Music as evocative as the stuff made by Com Truise—master of the transporting synth odyssey—necessitates videos that are nothing short of cinematic. Hence the fully blown-out treatment for “Brokendate,” which rolls everything from eighties cop noir to Blade Runner retro-futurism to slo-mo Hype Williams nods into one five-minute world unto itself.
Says previous collaborator and director Will Joines of 10 lb Pictures: “While I was cutting the ‘Fairlight’ video earlier in the year I kept thinking that it was fun, but if I ever had the opportunity to actually film something for one of Com Truise's songs then I could really go all out and create this whole world that would be specifically tailored to his music.” Mission accomplished.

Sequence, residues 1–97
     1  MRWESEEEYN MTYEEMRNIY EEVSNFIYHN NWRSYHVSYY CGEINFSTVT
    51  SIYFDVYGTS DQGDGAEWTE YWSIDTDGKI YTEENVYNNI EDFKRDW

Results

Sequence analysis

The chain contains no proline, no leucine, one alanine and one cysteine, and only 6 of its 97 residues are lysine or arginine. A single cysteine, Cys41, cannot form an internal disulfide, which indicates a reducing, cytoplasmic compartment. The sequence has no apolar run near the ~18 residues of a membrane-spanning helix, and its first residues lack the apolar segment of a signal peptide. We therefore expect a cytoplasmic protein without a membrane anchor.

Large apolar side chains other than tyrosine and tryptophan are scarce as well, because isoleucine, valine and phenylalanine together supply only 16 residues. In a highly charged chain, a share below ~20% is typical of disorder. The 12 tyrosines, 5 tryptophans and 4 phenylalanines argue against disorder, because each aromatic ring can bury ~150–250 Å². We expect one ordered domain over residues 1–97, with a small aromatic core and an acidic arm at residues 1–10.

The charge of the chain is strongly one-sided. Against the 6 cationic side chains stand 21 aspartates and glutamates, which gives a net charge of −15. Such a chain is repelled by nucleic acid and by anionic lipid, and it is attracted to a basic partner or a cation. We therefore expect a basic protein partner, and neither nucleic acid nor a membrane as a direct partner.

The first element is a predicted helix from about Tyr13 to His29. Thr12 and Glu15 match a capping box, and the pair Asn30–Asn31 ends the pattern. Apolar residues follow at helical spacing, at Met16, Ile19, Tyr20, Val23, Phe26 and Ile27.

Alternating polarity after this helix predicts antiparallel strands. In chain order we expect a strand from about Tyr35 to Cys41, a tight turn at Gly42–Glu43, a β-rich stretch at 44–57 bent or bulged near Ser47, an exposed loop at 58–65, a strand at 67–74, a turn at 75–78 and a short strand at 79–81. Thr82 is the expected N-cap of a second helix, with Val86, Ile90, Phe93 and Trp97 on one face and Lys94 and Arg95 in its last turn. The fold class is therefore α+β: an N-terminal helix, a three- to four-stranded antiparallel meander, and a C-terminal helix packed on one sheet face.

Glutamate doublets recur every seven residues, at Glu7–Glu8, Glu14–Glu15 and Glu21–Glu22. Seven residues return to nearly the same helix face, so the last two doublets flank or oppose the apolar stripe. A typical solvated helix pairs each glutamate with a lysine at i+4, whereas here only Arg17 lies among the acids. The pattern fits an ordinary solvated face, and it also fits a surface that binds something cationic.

ABOUT COM TRUISE
When talking about the music of Com Truise (one of the many pseudonyms of New Jersey designer/musician Seth Haley), the nostalgia bit inevitably comes up, so let's get that out of the way. Yes, his songs tap classic sci-fi and proto-electro in a way that is distinctly early eighties in scope. But they're also remarkably weird—stutter-step proggy and intoxicatingly psychedelic, like those classic touchstones got drunk on lava lamp juice inside a pinball machine. After his well-received Cyanide Sisters EP, a grip of remixes for artists like Twin Shadow, Neon Indian, and, uh, Daft Punk, and a few floating MP3s, Truise's first LP, Galactic Melt, will finally enter brainspaces this summer.
An introduction to “Tallest Heights,” a film written and directed by Becky & Joe.
When the Lincoln Motor Company asked Becky & Joe to reimagine something familiar and make it entirely new, they weren’t interested in a simple throwback. Becky & Joe wanted to say “Hello, Again” to the roots of their craft and give it new life, new direction, and new appreciation. This introduction to their film “Tallest Heights” gives insight into how their distinctly analog idea for the film came about, and how they created it.